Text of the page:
A spectral energy distribution (SED) is a graph of the energy emitted by an object (any object) as a function of different wavelengths. ( Read more about SEDs here.) There are some example SEDs of young stellar objects below. Astronomers originally used the slope of the SEDs for protostars between about 2 and 20 microns quite literally to define different classes. (This is similar to the process that astronomers such as Annie Jump Cannon followed when they originally classified stars -- astronomers start by putting similar objects together, and through this process, eventually deeper physical understanding follows. I say eventually, because, sure, initially you might put the zebras and the tigers together because they're both stripey, but eventually you'll notice their feet are different, as is what they eat, and you'll put them in separate bins.) These stages that were defined based on the SED slope are dubbed Class I, II, and III. As we learned more, we created another class called "flat" between Class I and II. The very earliest stages, ones where there are no 2 micron observations at all, are the Class 0s. These classifications more or less match up to the overall sequence of events described by the cartoon above.
Several important notes about this classification scheme
- As the ages mentioned above suggest, this sequence of Class 0 to I to II to III is often interpreted as an age sequence, so a Class I object is younger than a Class II object, etc. Some of the most recent evidence suggests that maybe the connection to age is not as secure as we have been thinking! So let me just reiterate: the Class of each object is defined by the slope of the SED. The physical interpretation of the classification definition is degree of embeddedness, e.g., Class 0s are still buried deep within their natal cloud, and Class IIIs have freed themselves. The interpretation of the Class as an age may change.
- This process strictly only applies to low-mass stars. High-mass stars might very well do this, only faster. We just don’t know yet for sure.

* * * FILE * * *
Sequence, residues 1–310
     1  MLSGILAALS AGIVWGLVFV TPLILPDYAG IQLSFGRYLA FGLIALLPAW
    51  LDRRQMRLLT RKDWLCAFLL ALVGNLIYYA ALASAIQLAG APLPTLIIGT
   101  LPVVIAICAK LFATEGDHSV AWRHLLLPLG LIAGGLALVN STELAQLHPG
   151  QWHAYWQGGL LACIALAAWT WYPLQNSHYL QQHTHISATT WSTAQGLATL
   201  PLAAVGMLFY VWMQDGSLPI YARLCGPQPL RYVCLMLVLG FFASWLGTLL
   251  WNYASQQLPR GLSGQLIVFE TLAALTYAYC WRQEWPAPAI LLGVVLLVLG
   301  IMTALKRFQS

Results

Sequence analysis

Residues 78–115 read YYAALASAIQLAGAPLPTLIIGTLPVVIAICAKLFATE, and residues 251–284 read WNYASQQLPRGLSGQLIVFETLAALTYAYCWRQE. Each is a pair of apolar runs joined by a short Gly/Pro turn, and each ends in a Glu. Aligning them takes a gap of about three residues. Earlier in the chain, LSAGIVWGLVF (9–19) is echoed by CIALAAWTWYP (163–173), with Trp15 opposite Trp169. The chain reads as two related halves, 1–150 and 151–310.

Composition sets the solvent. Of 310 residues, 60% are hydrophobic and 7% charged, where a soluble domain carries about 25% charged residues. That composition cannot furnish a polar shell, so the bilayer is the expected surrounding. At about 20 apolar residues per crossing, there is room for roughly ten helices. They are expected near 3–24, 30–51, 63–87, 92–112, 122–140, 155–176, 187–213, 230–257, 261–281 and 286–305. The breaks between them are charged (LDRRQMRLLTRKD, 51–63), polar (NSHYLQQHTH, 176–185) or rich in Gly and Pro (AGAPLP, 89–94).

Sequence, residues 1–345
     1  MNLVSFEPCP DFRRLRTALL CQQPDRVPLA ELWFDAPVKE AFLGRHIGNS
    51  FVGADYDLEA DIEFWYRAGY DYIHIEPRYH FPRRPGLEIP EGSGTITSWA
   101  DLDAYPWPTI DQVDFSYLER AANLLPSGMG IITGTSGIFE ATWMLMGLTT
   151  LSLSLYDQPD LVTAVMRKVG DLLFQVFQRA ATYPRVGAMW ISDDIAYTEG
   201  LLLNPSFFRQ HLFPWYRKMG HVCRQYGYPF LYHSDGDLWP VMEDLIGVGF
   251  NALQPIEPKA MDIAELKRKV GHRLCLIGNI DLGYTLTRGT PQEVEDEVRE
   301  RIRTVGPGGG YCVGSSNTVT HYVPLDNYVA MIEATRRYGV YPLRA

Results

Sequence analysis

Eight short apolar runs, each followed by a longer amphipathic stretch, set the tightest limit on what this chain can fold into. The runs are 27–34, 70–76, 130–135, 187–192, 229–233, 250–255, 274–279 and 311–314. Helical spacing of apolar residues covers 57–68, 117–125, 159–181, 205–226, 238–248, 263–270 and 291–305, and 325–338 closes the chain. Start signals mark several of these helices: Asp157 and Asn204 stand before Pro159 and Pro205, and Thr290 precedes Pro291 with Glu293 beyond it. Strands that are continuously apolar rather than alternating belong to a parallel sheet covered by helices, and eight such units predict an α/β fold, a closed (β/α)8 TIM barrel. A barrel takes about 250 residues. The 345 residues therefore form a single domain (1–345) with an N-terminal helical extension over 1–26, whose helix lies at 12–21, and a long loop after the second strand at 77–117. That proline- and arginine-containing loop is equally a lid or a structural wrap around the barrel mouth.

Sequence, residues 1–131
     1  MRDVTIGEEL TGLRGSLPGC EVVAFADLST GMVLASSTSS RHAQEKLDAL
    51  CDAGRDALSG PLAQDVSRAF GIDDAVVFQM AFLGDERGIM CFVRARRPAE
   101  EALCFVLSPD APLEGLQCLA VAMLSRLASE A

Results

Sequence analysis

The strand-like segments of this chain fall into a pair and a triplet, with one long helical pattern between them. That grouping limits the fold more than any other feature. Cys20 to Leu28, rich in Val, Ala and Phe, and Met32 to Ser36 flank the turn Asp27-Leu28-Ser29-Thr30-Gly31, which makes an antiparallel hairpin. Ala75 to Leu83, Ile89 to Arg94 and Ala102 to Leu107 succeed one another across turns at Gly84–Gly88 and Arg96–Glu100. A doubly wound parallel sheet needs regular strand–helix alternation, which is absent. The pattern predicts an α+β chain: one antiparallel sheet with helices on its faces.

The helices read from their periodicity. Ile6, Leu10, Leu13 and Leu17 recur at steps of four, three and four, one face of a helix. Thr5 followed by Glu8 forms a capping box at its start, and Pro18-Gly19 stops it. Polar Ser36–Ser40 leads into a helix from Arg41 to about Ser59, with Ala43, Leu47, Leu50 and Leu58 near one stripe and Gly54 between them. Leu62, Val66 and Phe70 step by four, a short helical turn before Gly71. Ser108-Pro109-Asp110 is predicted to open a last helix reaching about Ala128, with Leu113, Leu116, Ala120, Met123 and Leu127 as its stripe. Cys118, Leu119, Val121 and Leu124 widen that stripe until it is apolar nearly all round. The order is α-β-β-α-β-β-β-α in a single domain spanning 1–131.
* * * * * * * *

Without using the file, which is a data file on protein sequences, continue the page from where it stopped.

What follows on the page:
- Class 0s are the the hardest to "catch in the act", from which we infer that they are the shortest lived. Not too long ago, the list of all of the Class 0s known could fit on one page. Spitzer is changing that. Class Is are also being found by Spitzer in abundance.
- Class 0s used to be defined as "undetectable in IR." Even before Spitzer, deeper integrations forced a change in that definition.
- Although the story seems nice and well-defined, even before Spitzer, Class IIs and IIIs have been found at the same ages, e.g., some stars lose their disks very quickly, and some hold on to them for a long time. Now with Spitzer, we're muddying the waters even more.
- (Also, although the story seems nice and well-defined, and it explains our Solar System nicely (with all the planets in the same plane, going the same direction, as they were in the disk that preceded them), we need to have theories to explain stuff like this too.)
- A current major question in star formation is the how and why of this entire process.
- It’s not clear whether Class 0s and Is are found at the same age – until very recently, too few of them were known, and getting an age for them is tough.
- This press release talks about A stars, which are a little massive for Class 0/I/II/III, but the confusion in disk clearing timescales is vividly displayed there.
- We can be fooled! You can imagine that a Class III that is edge-on might look like a Class II. It could be that some things we think are the youngest protostars are actually just edge-on older things. There are other things that could matter too - binarity, initial and current rotation rate, initial and current accretion rate, and more. All of this is also one of the current burning questions.
- Most people still use the series Class 0-I-II-III to mean a series of youngest to oldest, but it’s important to remember all of these uncertainties.
- Technically, there is also a "flat" class in between I and II because the SED is, well, flat.
The details of the shape of the SED can tell us about the disk structure. Dips and wiggles in the SED may suggest, e.g., that there is no (or little) dust near the star, just further out. (see this graphic from the SSC press release archive.)
Things to think about
Why is it that in most of the teacher programs looking for young stars, we've found Class II or III objects? Why have we not found many stars with jets or Class 0 or I objects? Hint: think about the lifetimes of these objects and statistical liklihoods.
Nomenclature is a nightmare, as it is in so many parts of astronomy. See http://lanl.arxiv.org/abs/0901.1691v1 for examples of real-life flailing around with the wording.